Is there a cardiovascular elephant in the room with patients with type 2 diabetes?

The vast majority of antidiabetic treatments, including DPP-4 inhibitors, control hyperglycaemia by modulating or supplementing the body’s own mechanisms of maintaining glucose homeostasis.10.11 Notably, most antidiabetic treatments have a mechanism of action that either directly or indirectly uses insulin to improve glycaemic control, but these treatments inevitably lose efficacy with time as insulin resistance increases with disease duration.8,10–12 So here lies the potential elephant in the room – insulin resistance is a major risk factor for cardiovascular disease that is not actively addressed by DPP-4 inhibitors, so perhaps it is insulin resistance, not hyperglycaemia or treatment-related adverse events, that is the major driver of macrovascular disease in patients with type 2 diabetes.13

Completing the picture

So now the scene is set for further reporting with the devil potentially being in the detail. Not only will there be interest in whether a lack of macrovascular efficacy is observed across the DPP-4 inhibitor class, but whether the lack of efficacy is consistently observed across secondary endpoints and subgroup analyses as well. Likewise, the search for a cardiovascular benefit from antidiabetic treatment may now shift its focus to the new class of insulin-independent antidiabetic treatments, sodium-glucose co-transporter-2 inhibitors.

The above article is not intended to substitute for informed medical advice. Patients should consult an appropriate healthcare provider for medical advice.

References

1. Bristol-Myers Squibb/AstraZeneca. AstraZeneca and Bristol-Myers Squibb Announce Top Line Results for SAVOR-TIMI-53 Cardiovascular Outcomes Trial of Onglyza® (saxagliptin). 19 June 2013. Available at: http://news.bms.com/press-release/astrazeneca-and-bristol-myers-squibb-announce-top-line-results-savor-timi-53-cardiovas.

2. Buse JB, et al. Primary prevention of cardiovascular disease in people with diabetes mellitus: A scientific statement from the American Heart Association and the American Diabetes Association. Circulation 2007;115:114–126.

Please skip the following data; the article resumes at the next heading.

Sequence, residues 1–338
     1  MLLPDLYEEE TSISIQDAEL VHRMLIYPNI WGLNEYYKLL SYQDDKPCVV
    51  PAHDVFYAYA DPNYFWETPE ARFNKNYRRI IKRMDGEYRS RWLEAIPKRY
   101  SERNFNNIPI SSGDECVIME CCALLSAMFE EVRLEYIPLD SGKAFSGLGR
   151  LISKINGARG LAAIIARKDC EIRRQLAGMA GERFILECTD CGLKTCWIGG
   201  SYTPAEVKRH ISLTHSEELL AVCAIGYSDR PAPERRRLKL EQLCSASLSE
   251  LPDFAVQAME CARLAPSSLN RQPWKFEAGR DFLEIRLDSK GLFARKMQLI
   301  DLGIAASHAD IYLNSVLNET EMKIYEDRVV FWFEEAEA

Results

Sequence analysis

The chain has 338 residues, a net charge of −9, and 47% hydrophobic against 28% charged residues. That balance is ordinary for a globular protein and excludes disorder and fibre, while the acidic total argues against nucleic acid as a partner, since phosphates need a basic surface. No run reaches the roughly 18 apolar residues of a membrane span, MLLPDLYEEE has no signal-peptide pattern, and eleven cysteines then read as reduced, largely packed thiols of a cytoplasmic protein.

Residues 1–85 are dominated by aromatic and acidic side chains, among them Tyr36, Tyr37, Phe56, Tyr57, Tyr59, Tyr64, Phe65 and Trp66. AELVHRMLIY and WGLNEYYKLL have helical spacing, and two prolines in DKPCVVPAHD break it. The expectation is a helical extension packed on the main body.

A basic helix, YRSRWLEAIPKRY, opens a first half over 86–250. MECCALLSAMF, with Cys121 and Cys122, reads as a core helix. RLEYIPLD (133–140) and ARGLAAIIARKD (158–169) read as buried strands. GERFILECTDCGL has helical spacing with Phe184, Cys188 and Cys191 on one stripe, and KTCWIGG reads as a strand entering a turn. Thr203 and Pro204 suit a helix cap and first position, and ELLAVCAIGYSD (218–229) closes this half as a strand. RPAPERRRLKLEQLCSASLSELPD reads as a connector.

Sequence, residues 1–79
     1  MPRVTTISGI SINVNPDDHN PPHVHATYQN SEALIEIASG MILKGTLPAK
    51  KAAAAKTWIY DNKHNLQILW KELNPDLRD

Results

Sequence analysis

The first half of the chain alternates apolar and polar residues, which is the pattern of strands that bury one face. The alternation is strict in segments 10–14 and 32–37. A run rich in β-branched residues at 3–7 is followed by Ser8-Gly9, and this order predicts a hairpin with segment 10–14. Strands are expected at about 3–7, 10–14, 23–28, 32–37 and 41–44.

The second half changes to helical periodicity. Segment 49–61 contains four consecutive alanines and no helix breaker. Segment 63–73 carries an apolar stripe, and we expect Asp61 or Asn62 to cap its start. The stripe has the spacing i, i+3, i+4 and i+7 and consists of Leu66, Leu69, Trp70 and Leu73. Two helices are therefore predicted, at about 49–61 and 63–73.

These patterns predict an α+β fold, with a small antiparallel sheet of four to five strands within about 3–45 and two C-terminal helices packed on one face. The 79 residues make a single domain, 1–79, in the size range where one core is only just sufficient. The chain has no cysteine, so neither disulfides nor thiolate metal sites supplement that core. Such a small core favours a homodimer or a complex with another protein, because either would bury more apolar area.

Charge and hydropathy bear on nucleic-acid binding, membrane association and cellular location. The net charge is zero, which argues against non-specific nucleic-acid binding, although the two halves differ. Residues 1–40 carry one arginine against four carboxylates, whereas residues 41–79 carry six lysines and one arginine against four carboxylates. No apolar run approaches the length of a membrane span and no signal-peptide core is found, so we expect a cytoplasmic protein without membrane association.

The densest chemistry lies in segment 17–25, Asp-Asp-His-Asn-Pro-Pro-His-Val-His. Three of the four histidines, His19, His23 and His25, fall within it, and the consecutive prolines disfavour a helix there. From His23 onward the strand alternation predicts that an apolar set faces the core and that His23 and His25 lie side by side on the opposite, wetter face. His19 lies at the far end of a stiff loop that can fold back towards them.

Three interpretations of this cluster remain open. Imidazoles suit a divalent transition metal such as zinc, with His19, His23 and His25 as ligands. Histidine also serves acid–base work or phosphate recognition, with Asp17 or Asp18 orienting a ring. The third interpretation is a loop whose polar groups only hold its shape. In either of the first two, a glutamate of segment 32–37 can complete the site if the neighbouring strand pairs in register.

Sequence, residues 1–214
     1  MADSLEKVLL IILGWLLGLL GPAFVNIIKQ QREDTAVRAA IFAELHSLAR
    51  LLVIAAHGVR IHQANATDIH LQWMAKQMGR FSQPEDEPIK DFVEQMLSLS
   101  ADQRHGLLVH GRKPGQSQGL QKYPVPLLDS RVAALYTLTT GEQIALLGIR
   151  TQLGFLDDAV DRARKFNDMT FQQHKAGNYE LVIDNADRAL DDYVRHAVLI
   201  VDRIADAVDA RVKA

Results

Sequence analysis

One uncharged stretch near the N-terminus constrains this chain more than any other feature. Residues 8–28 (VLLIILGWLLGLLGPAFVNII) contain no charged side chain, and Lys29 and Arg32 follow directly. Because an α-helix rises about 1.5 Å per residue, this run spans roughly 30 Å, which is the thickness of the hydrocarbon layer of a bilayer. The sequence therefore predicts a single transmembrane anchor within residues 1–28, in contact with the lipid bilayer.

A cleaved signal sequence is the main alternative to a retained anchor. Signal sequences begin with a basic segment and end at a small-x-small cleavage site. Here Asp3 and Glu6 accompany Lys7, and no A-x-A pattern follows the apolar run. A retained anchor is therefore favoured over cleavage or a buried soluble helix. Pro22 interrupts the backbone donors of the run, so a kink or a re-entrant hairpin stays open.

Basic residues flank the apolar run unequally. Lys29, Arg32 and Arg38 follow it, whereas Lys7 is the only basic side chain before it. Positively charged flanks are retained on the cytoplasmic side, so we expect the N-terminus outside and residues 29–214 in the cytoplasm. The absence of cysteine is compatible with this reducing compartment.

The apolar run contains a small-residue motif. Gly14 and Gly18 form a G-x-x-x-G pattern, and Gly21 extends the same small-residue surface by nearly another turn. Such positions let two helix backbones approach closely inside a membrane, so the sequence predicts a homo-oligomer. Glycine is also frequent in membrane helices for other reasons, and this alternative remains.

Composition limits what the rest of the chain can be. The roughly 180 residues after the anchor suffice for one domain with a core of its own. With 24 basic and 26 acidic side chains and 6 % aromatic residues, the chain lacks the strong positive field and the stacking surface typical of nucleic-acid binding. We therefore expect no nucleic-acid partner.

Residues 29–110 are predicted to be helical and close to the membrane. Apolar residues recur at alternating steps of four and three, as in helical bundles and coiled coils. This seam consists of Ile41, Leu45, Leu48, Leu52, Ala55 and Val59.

3. Zoungas S, et al. Severe hypoglycaemia and risks of vascular events and death. N Engl J Med 2010;363:1410–1418.

4. Johnston SS, et al. Evidence linking hypoglycemic events to an increased risk of acute cardiovascular events in patients with type 2 diabetes. Diabetes Care 2011;34:1164–1170.

5. Giorgino F, et al. Cardiovascular disease and glycemic control in type 2 diabetes: now that the dust is settling from large clinical trials. Ann N Y Acad Sci 2013;1281:36–50.

6. Scheen AJ. Cardiovascular effects of didpeptidyl peptidase-4 inhibitos: From risk factors to clinical outcomes.

7. Baetta R, Corsini A. Pharmacology of dipeptidyl peptidase-4 inhibitors: similarities and differences. Drugs 2011;71:1441–1467.

8. Inzucchi SE, et al. Management of hyperglycemia in type 2 diabetes: a patient-centered approach: position statement of the American Diabetes Association (ADA) and the European Association for the Study of Diabetes (EASD). Diabetes Care 2012;35:1364–1379.

9. Perk J, et al. European Guidelines on cardiovascular disease prevention in clinical practice (version 2012). Eur Heart J 2012;33:1635–1701.

10. Krentz AJ, Bailey CJ. Oral antidiabetic agents: Current role in type 2 diabetes mellitus. Drugs 2005;65:385–411.

11. Stonehouse AH, et al. Incretin-based therapies. J Diabetes 2012;4:55–67.

12. Retnakaran R, et al. Changes over time in glycemic control, insulin sensitivity, and β-cell function in response to low-dose metformin and thiazolidinedione combination therapy in patients with impaired glucose tolerance. Diabetes Care 2011;34:1601–1604.

13. Bornfeldt KE, Tabas I. Insulin resistance, hyperglycemia and atherosclerosis. Cell Metab 2011;14:575–585.

 

pharmaphorum-services-page

 

About the author:

Blair Hesp is a Director of Kainic Medical Communications Ltd., a New Zealand-based medical communications agency that specialises in providing on-demand, overnight medical communications resource to overseas agencies and pharmaceutical companies. Blair has a PhD in Pharmacology from the University of Otago and a New Zealand Diploma in Business. In addition to several years’ experience working in the Global and European medical communications industry in the United Kingdom, he has also spent several years working in the international intellectual property industry. Disclosure: Kainic Medical Communications has provided medical communications support on a freelance basis to agencies developing diabetes-related materials for Bristol-Myers Squibb/AstraZeneca.

Will a lack of macrovascular efficacy be observed across the DPP-4 inhibitor class in diabetic patients?